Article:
Tuesday, 5 January 2016

A Woking Woodland hides the most wonderful tribute to Fallen Muslim soldiers



This  one-off documentary could not  have been timed any better in a period of current unrest where the word Muslim brings an unsettling amount of negativity, this programme follows the story of the restoration of a forgotten and dilapidated burial ground in a woodland in Woking which is the resting place for 27 Muslim soldiers who gave their lives fighting for Britain in two world wars. 

In a three year battle, Zafar Iqbal, a Muslim member of Woking Borough Council, and Elizabeth Cuttle, a history enthusiast - fought to get this small plot of land restored and recognised as a symbol of an important and largely unknown part of British history. 


In November of 2015 with members of the armed forces, Muslim Clerics  watching on a Royal Prince dedicate Woking's Peace Garden  to the memory of those twenty seven men.



Zafar  Iqbal had played in those same woods as a child, playing hide and seek at the site which had fallen into disrepair since the 1960s with structural damage  and graffiti making the place a sad place to be, but not for the right reasons. Teenage drinking parties, theft of the Portland stone and defacing of brickwork had all had it's effect. Zafar though was determined to preserve and restore the shared heritage the site has. He felt it infinitely important to ensure Muslims and the wider community were reminded of the sacrifice those men made for King and Country.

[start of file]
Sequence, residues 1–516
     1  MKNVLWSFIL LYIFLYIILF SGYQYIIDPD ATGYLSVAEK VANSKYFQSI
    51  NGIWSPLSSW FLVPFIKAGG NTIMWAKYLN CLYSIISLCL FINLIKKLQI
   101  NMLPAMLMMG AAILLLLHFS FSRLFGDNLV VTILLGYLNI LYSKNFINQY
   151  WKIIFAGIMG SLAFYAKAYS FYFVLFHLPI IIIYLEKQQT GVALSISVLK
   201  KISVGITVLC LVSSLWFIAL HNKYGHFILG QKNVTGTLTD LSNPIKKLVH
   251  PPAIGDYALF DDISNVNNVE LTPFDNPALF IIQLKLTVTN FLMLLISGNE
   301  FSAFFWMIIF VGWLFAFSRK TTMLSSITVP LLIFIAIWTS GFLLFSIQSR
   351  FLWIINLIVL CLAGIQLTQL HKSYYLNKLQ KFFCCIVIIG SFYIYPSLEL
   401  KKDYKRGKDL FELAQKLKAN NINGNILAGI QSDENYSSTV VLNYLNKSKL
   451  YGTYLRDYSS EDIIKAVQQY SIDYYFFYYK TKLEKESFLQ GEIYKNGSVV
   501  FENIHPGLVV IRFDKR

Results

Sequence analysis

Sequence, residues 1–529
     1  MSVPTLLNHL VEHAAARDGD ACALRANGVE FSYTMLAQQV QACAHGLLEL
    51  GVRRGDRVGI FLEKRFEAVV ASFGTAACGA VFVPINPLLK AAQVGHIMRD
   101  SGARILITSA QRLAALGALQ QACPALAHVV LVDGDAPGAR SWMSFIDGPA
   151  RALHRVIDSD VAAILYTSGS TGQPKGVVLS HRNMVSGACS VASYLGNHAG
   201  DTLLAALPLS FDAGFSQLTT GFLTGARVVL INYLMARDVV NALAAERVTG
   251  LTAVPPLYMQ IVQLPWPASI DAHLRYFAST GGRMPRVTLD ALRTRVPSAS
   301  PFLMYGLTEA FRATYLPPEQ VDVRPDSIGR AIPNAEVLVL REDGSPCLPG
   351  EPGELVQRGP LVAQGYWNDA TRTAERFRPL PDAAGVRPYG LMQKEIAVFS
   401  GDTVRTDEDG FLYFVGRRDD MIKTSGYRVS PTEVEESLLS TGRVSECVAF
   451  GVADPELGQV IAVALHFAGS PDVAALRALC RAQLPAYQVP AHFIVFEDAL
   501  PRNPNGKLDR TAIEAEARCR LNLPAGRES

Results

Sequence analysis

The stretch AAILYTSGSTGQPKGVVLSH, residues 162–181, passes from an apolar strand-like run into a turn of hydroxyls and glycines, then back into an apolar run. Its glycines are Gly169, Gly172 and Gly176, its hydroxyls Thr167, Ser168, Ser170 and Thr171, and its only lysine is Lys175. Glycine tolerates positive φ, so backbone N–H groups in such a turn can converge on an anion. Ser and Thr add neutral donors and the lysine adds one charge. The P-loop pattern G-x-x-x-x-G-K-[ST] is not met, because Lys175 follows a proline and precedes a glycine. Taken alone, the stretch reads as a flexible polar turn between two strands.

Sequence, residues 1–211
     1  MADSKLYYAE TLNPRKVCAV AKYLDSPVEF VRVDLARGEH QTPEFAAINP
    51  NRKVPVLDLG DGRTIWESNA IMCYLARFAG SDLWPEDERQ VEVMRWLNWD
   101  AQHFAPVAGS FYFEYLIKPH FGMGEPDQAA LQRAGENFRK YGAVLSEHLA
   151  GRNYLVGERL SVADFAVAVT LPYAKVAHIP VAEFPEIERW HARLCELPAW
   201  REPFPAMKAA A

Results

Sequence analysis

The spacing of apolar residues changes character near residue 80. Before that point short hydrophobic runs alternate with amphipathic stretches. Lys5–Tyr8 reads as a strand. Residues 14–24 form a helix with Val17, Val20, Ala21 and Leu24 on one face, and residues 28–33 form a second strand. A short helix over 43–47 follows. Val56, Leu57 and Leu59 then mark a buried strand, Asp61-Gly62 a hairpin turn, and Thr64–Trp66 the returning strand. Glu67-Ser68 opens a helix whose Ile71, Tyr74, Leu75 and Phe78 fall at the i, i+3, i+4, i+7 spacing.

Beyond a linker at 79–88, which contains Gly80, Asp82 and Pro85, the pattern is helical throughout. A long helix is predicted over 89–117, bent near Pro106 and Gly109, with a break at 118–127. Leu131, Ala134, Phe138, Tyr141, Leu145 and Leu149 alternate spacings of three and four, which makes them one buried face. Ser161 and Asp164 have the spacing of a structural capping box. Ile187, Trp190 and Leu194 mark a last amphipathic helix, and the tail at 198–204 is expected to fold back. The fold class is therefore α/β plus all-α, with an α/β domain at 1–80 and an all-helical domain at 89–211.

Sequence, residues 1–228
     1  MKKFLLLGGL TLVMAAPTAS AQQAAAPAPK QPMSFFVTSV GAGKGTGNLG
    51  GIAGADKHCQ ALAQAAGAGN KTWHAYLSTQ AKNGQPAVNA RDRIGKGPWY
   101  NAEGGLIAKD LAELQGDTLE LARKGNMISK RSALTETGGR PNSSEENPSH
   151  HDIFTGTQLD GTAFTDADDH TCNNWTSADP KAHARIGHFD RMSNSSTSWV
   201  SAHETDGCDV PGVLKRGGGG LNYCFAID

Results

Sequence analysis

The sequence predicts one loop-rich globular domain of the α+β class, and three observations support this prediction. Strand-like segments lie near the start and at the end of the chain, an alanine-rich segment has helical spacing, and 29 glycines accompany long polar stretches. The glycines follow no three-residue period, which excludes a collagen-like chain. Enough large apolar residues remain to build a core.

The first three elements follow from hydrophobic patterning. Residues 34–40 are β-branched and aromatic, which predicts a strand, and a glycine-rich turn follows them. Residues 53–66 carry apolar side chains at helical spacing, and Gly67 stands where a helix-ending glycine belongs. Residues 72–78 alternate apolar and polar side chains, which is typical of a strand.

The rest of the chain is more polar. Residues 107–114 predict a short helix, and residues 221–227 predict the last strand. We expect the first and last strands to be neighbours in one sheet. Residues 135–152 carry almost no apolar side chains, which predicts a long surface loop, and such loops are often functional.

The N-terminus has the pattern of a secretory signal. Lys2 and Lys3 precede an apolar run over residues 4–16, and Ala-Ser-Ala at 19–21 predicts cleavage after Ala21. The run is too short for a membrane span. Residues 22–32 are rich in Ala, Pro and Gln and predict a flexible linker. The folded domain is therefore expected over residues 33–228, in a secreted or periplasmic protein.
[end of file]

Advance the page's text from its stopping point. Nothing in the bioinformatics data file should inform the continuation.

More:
With a Centenary of the Great War Approaching, Zafar chanced his arm and applied for a restoration grant from English Heritage of 80% of costs with the council covering the shortfall. With Elizabeth's help they began the restoration


This informative film tells the story of Muslims from Rural India who were to become soldiers for the British Empire, fighting for and in the name of a country that almost all of them had never even set a foot on.


In 1917 this particular plot of Surrey common was designated as a  Muslim cemetery. 19 of the men buried here were killed in the First World War and a memorial stone, now recut and carved is the central focal point of the garden. Research has enabled at least some of them to be given a back story, so we know where they came  from and  some of their family history.  Humanising those stark letters engraved in stone.

Marup Shah -  129 Baluchis

Six weeks after the British Declared war on Germany in 1914  the first contingent of  British Indian soldiers arrived in the Port of Marseilles. Drawn from a dozen different religions arrived these soldiers were to become a desperately important resource for the war effort as those in command had wholly underestimated the firepower and number of men on the enemy side. Britain just could not recruit fast enough, so in the end 1.45 million men from British India came to fill that void.


The Baluchis were one of the first regiments into France and their arrival was to create quite the stir. The local people lined the streets and cheered them as they landed. Arrival at the front line would have been a rude awakening. Modern warfare would have been highly mechanised and these Indian soldiers were woefully underprepared.  Fighting from shallow ditches the German artillery would just mow them down, churning bodies up from the earth as ordinance exploded